By John P. Lopez, SportsRadio 610
It used to be the best-kept basketball secret in the world.
The tired cliche, the worn-out stereotype went something like this: Texas? That’s football country. Nobody cares about basketball in Texas.
Remarkably, there probably remain some who cling to such an antiquated and completely farcical line of thinking. But most — and specifically NBA executives and players and coaches throughout the basketball world — know better.
From Murph and Rudy T, to Mo Malone and Robert Reid, to the Twin Towers of Ralph and Dream, to the title years of Hakeem and Clyde, Houston has offered the NBA some of the most famous and infamous moments that helped develop the league’s stature.
The game grew in large part because of Houston, as the Rockets always managed to provide big personalities and big moments. In more recent years, the game broke west, into China and Asia with the groundbreaking signing of Yao Ming. Today’s entertaining Beard and Linsanity moments are only beginning, as always Houston Rockets basketball remaining integral in the NBA’s history.
There’s more reason to believe why Houston could and should be a regular All Star Weekend destination.
The game lives here, literally.
The development of Houston as a city that will host its third NBA All Star Game goes far beyond what the Rockets have done on the court. It also is reason why we should expect more All Star Game appearances in regular fashion, much like how New Orleans and Miami have become regular Super Bowl hosts.
All Star weekend is a celebration of the game’s personalities and culture, and a weekend-long party not unlike a Super Bowl week. Among warm-weather NBA cities, few can compare to what Houston has meant to the league.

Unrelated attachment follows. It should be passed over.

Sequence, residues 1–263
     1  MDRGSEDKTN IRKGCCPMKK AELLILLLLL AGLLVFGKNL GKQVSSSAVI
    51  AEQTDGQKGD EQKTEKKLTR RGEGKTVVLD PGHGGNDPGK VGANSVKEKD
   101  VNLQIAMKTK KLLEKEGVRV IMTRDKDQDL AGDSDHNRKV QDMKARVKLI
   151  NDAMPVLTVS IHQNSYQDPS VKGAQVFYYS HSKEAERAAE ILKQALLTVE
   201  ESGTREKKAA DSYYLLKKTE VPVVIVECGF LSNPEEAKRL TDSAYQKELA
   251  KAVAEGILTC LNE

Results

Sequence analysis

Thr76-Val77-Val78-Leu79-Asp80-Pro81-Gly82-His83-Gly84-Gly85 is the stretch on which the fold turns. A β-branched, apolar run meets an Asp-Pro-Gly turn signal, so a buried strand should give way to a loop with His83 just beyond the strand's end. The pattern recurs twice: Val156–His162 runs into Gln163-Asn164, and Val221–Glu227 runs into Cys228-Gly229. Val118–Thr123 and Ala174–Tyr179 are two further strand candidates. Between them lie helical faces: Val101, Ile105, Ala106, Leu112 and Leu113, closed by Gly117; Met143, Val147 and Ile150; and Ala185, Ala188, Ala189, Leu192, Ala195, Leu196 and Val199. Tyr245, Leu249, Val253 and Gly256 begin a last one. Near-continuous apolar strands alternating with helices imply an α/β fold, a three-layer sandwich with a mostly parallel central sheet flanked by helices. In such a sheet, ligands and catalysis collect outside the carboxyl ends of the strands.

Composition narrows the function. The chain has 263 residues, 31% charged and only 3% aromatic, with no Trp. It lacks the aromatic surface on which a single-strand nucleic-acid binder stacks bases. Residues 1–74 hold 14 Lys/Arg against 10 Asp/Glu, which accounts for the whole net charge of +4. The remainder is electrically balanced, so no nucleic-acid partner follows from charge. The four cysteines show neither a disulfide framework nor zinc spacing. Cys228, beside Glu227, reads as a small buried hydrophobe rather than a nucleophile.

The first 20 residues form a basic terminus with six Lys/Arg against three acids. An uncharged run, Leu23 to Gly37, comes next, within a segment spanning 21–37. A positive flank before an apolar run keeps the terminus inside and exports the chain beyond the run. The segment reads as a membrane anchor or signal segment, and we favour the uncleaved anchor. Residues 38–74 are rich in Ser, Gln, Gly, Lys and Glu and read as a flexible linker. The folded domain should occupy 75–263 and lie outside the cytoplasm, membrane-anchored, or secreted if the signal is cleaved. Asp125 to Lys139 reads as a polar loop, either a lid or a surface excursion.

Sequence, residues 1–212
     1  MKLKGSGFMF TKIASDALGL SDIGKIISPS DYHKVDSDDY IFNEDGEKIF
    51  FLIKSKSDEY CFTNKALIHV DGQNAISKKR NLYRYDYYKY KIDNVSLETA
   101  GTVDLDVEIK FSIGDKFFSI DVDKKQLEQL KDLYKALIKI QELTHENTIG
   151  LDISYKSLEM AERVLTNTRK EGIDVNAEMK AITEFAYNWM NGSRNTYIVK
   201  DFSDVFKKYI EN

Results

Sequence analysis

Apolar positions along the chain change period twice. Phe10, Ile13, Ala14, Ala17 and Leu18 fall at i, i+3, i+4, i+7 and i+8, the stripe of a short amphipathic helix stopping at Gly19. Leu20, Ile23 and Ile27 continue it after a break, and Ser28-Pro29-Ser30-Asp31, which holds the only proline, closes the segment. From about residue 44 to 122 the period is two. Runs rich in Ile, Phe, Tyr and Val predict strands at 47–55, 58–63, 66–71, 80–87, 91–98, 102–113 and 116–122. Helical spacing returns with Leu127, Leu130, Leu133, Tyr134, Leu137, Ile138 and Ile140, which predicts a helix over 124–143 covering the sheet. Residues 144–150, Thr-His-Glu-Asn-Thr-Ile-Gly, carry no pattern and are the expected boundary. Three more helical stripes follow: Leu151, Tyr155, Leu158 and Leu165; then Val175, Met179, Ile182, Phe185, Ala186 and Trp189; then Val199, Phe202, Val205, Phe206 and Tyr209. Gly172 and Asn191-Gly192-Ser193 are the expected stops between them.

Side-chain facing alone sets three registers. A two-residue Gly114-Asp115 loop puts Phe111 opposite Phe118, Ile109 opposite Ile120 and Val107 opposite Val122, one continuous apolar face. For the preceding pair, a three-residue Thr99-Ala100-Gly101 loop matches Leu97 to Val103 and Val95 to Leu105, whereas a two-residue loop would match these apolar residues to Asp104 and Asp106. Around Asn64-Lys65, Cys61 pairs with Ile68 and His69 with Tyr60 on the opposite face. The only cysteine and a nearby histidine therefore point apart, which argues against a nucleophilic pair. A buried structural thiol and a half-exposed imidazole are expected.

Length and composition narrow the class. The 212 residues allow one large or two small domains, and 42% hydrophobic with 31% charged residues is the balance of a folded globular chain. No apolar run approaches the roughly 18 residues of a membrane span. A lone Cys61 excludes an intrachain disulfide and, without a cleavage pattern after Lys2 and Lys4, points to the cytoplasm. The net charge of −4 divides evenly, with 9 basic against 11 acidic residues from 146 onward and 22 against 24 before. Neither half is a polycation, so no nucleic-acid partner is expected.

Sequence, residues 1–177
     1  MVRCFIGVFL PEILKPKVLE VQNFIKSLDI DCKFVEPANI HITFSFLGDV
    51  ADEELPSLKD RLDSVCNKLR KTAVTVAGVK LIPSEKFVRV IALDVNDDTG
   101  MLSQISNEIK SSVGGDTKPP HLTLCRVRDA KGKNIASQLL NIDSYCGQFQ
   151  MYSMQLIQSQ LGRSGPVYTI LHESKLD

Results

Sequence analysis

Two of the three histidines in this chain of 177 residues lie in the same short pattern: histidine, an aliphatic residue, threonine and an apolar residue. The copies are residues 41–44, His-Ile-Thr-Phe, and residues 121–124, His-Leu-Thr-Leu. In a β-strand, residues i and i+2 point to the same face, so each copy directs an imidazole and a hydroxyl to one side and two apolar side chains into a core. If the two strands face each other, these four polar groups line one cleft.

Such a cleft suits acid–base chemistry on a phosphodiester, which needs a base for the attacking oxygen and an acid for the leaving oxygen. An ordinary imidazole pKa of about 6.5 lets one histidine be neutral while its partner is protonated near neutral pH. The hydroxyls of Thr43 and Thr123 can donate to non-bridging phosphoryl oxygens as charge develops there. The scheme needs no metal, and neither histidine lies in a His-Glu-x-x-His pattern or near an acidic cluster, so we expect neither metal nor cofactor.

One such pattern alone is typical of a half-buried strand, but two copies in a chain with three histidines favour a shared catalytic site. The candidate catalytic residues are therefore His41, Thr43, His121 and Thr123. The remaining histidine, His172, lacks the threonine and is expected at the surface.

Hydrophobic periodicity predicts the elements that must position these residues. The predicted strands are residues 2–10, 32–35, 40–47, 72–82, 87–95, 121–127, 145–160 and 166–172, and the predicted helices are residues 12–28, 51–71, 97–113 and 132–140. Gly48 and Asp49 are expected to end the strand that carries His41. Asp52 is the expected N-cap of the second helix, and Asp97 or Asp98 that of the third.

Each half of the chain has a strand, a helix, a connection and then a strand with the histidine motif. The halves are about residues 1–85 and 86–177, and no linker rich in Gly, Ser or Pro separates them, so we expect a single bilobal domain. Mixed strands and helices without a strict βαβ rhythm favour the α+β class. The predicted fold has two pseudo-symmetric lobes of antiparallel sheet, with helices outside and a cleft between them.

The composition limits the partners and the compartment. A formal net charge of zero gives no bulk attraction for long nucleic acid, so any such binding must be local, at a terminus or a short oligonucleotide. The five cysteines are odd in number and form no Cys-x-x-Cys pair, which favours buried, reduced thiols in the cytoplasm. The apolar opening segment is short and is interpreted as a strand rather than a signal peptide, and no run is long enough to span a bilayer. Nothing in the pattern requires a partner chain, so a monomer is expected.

On the court, two titles came to Houston in the mid-1990s, but beyond that Houston consistently has been a contender. And it is a hotbed for NBA talent — past, present and future — like few others.
Most basketball observers immediately think New York, Chicago, Philadelphia and Los Angeles when thinking basketball recruiting grounds. The fact is, Houston — and Texas — consistently churns out as much if not more basketball talent than any other basketball hotbed around. Summer basketball has been a big reason for the surge, developing into a national power the last 20-years and churning out many more players who decide to stick with basketball. But so has Houston’s unique basketball culture.
Of course Texas is football country. But among the stars who have grown up in the area and used the summer-circuit to become stars: T.J. Ford, Rashard Lewis, Kendrick Perkins, LaMarcus Aldridge, Chris Bosh, Deron Williams, Stephen Jackson, DeAndre Jordan.
For 2013, three of the Rivals.com top ten players nationally hail from the Houston area. Seven of the 50 are from Houston.
As for the present, Houston’s relationship with basketball is deep and loyal. The culture, the diversity of Houston, along with world-class dining and the hippest, youngest social scene of any major metropolitan area in the country makes Houston a destination point and permanent home for literally hundreds of current and former NBA players.
Some have wondered why Houston has earned a second NBA All Star Game Weekend in a seven-year span. The question should be, when’s the next one? The league should hope, soon. It’s a perfect fit.